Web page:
Residual motion mitigation in scanned carbon ion beam therapy of liver tumors using enlarged pencil beam overlap.

Published

Journal Article

BACKGROUND AND PURPOSE: Interplay effects may limit the applicability of scanned ion beam therapy for moving tumors even if the motion amplitude is reduced by techniques such as gating or abdominal compression (AC). We investigate the potential of enhanced pencil beam overlap to mitigate residual motion interplay effects in scanned ion beam therapy. MATERIAL AND METHODS: Eight patients with hepato cellular carcinoma were selected who were either treated under AC (5 clinical target volumes (CTVs)) or with gating (6 CTVs). We performed 4D dose calculations for treatment plans with variable beam parameters (lateral raster spacing, beam full-width-at-half-maximum (FWHM), iso-energy slice spacing, gating window (GW)) and assessed under- and overdose (V95 and V107), dose homogeneity (HI=D5-D95), and dose volume histograms. The influence of the beam parameters on HI was studied by multivariate regression models. RESULTS: Motion amplitude and FWHM had the largest impact on dose homogeneity, while decreased iso-energy slice spacing and lateral raster spacing had a much smaller or no significant effect, respectively. The multivariate regression models including FWHM, motion amplitude, and IES-spacing explained 86%, 42%, and 71% of the observed variance for AC, 30% and 50% GW, respectively. CONCLUSIONS: Residual motion in scanned carbon ion therapy of liver tumors can lead to considerable dose heterogeneities. Using an increased beam spot size dose degradation can be significantly mitigated. Especially for large tumors, increasing the beam spot size is an efficient motion mitigation option readily available at most scanning facilities.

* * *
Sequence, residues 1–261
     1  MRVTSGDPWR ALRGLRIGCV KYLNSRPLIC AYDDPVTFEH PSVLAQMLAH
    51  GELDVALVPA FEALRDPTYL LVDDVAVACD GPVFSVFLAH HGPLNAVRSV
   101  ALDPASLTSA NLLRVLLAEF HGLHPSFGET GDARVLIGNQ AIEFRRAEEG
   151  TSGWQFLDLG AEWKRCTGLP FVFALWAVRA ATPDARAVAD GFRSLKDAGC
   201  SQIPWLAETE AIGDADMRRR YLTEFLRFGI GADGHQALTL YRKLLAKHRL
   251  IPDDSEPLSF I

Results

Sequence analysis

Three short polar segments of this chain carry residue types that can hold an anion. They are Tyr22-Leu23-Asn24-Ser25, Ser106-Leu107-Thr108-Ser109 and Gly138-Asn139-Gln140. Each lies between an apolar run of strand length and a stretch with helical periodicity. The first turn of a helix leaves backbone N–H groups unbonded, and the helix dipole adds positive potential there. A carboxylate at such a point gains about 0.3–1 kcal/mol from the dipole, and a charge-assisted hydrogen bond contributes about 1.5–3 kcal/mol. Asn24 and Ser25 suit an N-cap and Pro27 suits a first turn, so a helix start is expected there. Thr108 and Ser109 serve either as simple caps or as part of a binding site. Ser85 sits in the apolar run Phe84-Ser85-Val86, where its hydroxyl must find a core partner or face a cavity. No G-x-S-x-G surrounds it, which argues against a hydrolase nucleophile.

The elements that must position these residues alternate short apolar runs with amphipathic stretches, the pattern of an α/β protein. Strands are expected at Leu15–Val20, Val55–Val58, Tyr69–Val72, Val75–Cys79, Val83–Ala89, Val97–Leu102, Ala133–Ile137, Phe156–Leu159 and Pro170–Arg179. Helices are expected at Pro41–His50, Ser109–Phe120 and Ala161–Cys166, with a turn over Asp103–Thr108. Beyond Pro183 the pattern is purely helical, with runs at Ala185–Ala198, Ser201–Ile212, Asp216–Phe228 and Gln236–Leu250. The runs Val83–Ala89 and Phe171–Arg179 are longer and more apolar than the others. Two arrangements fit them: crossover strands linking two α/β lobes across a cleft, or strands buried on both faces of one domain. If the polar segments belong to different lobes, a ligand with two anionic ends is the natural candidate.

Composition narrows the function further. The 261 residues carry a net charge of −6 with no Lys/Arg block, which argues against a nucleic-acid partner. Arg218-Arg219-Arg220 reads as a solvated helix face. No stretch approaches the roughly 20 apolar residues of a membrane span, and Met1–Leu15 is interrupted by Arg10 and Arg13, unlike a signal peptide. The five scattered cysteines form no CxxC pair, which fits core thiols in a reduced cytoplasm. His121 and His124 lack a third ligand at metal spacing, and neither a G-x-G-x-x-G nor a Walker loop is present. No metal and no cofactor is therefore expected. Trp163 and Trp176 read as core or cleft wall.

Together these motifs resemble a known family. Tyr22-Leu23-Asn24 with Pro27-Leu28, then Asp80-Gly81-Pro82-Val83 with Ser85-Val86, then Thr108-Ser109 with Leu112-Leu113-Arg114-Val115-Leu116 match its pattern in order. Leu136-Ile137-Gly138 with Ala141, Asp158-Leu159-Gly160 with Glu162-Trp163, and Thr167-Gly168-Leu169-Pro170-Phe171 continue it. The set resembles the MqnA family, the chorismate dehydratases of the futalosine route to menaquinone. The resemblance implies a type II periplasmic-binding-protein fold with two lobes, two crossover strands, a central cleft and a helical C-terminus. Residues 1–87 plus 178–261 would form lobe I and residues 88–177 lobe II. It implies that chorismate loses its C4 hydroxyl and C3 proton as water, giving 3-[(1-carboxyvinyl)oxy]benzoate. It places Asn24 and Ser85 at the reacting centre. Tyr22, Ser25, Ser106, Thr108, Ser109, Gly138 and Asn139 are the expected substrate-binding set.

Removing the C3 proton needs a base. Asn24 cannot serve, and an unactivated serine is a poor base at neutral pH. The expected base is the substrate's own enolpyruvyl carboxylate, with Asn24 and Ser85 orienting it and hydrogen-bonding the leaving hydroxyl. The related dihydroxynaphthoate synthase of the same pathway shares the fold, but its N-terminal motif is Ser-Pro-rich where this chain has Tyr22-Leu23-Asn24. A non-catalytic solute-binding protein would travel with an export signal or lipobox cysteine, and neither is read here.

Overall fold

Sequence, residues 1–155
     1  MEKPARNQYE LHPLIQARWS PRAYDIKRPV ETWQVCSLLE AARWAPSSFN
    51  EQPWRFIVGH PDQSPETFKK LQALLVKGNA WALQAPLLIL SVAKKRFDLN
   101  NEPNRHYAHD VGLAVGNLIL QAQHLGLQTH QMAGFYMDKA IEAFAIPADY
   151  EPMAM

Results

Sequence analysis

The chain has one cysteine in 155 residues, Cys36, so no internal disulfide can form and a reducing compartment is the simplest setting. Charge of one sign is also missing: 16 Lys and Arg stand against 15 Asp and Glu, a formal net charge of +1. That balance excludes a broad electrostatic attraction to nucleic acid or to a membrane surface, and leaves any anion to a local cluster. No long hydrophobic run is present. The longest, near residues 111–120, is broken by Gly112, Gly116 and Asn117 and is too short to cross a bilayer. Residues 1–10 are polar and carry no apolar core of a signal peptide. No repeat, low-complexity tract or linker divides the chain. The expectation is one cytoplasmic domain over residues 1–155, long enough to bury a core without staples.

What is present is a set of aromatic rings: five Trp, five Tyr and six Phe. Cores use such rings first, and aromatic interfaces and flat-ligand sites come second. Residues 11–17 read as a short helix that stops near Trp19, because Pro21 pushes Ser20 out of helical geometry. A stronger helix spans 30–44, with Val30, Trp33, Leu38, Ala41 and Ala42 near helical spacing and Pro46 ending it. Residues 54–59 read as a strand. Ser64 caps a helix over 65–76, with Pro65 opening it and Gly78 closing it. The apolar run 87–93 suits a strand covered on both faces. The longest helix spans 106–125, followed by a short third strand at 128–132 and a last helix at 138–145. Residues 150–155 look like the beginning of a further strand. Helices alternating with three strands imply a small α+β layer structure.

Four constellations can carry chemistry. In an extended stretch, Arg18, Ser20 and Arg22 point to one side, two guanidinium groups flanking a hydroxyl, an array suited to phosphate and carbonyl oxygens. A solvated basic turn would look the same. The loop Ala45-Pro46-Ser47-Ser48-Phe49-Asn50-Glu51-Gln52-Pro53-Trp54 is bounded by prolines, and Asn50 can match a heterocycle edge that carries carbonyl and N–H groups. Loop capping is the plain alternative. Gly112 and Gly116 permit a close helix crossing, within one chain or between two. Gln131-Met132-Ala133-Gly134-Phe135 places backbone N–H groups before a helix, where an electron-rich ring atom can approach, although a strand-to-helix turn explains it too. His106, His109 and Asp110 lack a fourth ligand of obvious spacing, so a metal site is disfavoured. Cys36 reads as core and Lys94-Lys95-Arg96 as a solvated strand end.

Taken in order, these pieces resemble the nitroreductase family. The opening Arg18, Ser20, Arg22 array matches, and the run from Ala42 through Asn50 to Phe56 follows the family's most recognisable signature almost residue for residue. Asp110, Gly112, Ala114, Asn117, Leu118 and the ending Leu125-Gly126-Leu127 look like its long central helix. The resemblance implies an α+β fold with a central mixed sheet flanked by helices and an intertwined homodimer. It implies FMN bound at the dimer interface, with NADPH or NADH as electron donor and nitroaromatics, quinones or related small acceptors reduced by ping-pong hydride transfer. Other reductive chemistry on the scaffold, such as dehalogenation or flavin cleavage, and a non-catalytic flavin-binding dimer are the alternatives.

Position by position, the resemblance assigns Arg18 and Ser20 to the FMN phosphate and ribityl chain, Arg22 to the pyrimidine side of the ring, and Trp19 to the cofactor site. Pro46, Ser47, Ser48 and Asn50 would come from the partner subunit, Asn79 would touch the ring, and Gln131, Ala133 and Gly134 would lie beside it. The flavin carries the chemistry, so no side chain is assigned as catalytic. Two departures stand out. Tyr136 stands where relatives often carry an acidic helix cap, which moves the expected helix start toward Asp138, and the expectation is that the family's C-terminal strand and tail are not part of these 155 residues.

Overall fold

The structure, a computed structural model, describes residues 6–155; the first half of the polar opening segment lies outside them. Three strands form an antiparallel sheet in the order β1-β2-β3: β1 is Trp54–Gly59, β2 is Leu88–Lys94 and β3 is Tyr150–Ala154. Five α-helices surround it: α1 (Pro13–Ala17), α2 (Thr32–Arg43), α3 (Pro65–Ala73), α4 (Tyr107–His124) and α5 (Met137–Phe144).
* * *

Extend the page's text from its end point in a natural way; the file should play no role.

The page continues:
Full Text

Duke Authors

Cited Authors

  • Richter, D; Graeff, C; Jäkel, O; Combs, SE; Durante, M; Bert, C

Published Date

  • November 25, 2014

Published In

Volume / Issue

  • 113 / 2

Start / End Page

  • 290 - 295

PubMed ID

  • 25465732

Pubmed Central ID

  • 25465732

Electronic International Standard Serial Number (EISSN)

  • 1879-0887

International Standard Serial Number (ISSN)

  • 0167-8140

Digital Object Identifier (DOI)

  • 10.1016/j.radonc.2014.11.020

Language

  • eng